NCLB, the first major federal overhaul of education in more than three decades, was based on the principle that what schools needed was competition. And in cities and states across the country, it transformed education. After its passage in 2001, annual test results were released, scores were made public and schools that continued to fail were shuttered. While national figures for the number of schools closed for failure to meet NCLB standards are not available, the law paved the way for closures and consolidation across the country. Since 2000, Chicago has closed or consolidated 160 schools. After Hurricane Katrina struck New Orleans in 2005, the state backed a takeover effort, based on the expansion of charter schools, that left the Orleans Parish School Board in control of five of 126 public schools in the city.
The mounting pressure led educators across the country to turn from more holistic approaches to teaching to what soon became known as “drill and kill.” Students were taught to take tests, and educators across the country cut corners to reach numbers that signaled progress to parents and politicians. Teaching to the test isn’t cheating, but once the culture of replacing standard classroom principles with tactics to meet a metric are in place, Harvard’s Koretz says, “it doesn’t take much to get people to cheat.”
NCLB also tied school and teacher evaluation to graduation rates. And when Bush was succeeded as president by Barack Obama in 2009, the stakes for educators remained in place. In 2015, Obama signed the Every Student Succeeds Act (ESSA), under which schools with poor graduation rates were required to enact further comprehensive efforts. Each state was required to set its own standard for what was needed to earn a high school diploma. National graduation rates increased, reaching a record high of 84 percent in 2016. But setting those graduation goals came with little input from classroom teachers. “The people who came up with the targets didn’t reach out to teachers and see what can realistically be reached.” Koretz says. “The numbers are just made up. People don’t know what the target should be -- they just want better rates.”
Often the combination of graduation rates, student attendance and test scores is boiled down to a single number, as it is in the Chicago Public Schools. That number, which also factors in survey responses from teachers, is published on each school’s website. The idea behind the rankings has always been to give parents and students an idea of the school’s quality. Reducing a school’s performance to a single number has come with consequences. The school score, which ranges in Chicago from one to three, helps to determine a principal’s evaluation by the district and by the neighborhood-based school council, which can decide whether to renew the principal’s contract. Principals, according to Tozer of the Center for Urban Education Leadership, have resorted to “coaching teachers on their survey responses” and manipulating attendance records to improve their scores.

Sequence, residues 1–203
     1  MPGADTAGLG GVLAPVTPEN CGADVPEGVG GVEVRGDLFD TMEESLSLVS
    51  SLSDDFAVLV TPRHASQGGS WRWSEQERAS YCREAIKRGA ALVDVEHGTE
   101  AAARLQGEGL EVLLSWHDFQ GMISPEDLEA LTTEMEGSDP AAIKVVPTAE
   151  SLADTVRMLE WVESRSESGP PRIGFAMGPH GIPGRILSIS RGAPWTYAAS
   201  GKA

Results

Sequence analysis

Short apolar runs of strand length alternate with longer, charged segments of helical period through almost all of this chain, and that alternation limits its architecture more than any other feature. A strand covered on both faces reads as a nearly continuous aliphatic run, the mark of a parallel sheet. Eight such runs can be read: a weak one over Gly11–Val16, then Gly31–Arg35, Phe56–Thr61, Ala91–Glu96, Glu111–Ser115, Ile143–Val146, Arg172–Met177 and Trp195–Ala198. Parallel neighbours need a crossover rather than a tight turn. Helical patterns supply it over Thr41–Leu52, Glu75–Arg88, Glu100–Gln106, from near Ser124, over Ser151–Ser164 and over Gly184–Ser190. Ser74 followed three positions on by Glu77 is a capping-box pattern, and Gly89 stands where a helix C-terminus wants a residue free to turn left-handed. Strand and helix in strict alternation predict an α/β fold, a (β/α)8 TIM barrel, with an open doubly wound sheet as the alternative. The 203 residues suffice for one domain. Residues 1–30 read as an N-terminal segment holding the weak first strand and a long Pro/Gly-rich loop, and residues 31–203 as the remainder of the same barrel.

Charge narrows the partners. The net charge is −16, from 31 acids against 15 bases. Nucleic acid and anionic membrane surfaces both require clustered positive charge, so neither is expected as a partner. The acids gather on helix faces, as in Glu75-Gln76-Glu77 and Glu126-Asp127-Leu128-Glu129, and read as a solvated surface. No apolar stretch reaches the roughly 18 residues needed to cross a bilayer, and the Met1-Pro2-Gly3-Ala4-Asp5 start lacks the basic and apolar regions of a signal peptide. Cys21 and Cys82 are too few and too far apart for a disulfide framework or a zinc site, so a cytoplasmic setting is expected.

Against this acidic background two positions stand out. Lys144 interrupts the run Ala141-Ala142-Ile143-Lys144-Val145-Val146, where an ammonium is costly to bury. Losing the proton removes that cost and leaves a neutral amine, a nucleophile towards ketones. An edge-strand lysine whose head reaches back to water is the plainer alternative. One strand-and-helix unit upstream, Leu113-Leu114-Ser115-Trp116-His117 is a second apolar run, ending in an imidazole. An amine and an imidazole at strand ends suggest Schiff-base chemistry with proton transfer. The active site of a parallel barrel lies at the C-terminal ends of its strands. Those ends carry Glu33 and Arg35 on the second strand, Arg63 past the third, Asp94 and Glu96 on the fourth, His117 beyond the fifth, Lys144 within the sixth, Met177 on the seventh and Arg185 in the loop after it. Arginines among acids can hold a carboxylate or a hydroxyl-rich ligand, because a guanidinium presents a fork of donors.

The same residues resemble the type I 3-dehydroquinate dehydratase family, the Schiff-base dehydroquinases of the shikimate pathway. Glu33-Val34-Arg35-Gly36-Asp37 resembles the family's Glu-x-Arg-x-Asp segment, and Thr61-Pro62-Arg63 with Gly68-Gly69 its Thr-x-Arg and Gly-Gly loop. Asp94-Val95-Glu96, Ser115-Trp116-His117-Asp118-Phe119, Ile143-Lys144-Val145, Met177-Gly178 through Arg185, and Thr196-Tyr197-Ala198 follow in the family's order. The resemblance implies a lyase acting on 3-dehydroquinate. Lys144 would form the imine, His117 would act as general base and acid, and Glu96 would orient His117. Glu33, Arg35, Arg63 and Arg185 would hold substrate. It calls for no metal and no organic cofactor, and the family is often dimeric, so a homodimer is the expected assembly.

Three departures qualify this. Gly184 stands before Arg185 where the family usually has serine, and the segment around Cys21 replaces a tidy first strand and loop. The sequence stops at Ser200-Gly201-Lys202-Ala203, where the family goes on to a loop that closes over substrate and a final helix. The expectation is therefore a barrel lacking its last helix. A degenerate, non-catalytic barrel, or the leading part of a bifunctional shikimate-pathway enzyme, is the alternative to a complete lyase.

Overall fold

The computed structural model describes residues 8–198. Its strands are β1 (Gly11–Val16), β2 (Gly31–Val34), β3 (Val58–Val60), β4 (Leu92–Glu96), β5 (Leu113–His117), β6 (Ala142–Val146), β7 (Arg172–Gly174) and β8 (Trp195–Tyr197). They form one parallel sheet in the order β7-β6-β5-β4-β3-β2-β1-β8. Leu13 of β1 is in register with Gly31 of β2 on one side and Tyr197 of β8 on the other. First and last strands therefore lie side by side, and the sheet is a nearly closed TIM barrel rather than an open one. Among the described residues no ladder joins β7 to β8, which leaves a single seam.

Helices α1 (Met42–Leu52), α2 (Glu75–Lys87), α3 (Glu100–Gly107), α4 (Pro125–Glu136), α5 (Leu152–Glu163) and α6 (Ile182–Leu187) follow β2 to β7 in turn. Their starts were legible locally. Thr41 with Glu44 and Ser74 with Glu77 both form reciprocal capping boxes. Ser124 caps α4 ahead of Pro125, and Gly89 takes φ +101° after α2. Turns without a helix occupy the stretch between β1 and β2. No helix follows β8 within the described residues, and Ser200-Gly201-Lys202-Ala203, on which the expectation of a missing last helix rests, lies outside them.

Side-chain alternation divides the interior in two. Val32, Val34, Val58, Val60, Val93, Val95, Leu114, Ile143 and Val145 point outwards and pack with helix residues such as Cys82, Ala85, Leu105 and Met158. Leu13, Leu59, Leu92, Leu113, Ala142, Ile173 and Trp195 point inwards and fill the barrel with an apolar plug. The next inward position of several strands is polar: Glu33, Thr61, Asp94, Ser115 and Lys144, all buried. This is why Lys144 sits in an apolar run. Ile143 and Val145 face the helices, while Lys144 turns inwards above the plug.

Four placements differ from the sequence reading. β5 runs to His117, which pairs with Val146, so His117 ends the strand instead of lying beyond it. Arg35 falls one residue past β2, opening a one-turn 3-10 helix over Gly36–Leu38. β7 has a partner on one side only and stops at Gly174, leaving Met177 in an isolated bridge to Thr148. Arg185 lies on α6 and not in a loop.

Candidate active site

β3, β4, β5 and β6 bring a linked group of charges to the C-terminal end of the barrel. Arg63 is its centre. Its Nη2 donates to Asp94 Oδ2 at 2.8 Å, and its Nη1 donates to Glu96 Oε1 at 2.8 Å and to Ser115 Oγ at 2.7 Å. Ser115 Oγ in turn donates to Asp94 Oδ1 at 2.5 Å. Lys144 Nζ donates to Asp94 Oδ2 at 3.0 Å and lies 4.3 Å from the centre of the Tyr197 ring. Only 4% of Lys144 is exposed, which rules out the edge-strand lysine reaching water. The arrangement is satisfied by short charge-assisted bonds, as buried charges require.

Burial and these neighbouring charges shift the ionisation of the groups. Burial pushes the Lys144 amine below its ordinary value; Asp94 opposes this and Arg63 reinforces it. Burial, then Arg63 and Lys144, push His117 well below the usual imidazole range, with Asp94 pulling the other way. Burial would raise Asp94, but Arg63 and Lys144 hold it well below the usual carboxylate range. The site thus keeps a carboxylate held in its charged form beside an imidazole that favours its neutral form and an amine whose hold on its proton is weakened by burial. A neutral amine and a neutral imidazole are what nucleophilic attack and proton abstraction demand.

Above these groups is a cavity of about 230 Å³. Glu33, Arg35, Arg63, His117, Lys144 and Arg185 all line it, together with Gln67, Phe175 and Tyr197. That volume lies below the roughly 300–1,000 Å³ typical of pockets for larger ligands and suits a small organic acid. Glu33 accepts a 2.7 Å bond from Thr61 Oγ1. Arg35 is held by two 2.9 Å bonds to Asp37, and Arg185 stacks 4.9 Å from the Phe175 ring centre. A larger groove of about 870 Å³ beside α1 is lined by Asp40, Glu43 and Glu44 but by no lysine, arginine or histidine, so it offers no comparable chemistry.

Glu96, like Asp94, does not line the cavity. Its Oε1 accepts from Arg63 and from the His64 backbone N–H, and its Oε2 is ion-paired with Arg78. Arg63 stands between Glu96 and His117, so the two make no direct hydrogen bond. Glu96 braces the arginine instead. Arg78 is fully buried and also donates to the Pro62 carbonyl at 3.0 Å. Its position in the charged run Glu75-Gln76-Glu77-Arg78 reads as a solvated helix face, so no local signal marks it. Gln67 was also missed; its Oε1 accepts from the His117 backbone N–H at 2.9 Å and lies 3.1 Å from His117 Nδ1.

When Bush brought the Texas Miracle to Washington, its architect Rod Paige came along. Paige became U.S. secretary of education after being lauded for his turnaround of the Houston Independent School District. When Paige ran that school system, the dropout rate was reported to have plummeted to 1.5 percent and the achievement gap between minority students and their white Anglo counterparts across the state was closing. However, subsequent media investigations and an analysis by researchers at Boston College showed that Houston officials were cooking the books. Schools were scrubbing hundreds of poor performers and dropouts from the rolls. The real dropout rate, according to one analysis, was closer to 25 percent, and the achievement gap was not closing nearly as impressively as the school system claimed. Black and Latino students were improving, but not by the margins Houston officials had reported.
Across the state in El Paso, high stakes coupled with handsome rewards motivated a superintendent not only to cook the books, but to lock low-performing students out of an education. Lorenzo Garcia was a rising star in education. He was a two-time nominee for Texas superintendent of the year. Like many educators, however, Garcia feared a state takeover of his schools. He also had a contract laden with student performance incentives, and during his tenure, he collected $56,000 in bonuses for improving test scores. One way Garcia achieved his results was by keeping low-performing students from taking standardized exams. Grades were changed, and the worst-performing students were coerced to drop out of school.